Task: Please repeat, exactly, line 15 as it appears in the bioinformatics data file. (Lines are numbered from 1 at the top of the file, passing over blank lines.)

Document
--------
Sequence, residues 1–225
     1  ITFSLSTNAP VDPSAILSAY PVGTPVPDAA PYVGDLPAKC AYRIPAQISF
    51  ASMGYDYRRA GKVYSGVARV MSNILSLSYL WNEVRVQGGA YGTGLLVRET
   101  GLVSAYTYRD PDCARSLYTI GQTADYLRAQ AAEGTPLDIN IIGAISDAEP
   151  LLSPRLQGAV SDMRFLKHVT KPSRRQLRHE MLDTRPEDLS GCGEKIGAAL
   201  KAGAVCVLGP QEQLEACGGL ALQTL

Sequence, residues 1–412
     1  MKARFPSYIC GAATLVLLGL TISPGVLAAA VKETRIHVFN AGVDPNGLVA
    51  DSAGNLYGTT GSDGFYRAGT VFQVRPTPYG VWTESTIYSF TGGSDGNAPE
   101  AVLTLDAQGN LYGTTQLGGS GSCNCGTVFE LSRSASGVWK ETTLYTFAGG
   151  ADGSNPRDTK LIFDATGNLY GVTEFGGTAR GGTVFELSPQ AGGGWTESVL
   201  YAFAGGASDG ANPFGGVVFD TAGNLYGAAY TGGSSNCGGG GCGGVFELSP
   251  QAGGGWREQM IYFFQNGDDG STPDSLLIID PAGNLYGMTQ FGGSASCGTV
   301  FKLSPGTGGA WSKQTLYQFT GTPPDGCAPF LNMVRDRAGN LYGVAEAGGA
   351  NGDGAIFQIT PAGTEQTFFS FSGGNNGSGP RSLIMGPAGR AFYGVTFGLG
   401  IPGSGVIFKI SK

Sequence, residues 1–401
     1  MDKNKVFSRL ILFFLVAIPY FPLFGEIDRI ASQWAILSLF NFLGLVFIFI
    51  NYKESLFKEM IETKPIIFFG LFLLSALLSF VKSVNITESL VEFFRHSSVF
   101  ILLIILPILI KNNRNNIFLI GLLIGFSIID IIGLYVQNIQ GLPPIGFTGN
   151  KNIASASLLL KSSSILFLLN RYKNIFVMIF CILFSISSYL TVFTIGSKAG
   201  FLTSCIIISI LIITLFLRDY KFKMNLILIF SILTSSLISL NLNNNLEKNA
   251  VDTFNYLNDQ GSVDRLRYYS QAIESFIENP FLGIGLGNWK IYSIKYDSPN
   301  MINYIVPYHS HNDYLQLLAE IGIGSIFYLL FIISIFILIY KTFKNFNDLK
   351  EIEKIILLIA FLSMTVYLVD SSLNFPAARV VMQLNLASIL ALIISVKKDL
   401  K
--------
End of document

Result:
   351  NGDGAIFQIT PAGTEQTFFS FSGGNNGSGP RSLIMGPAGR AFYGVTFGLG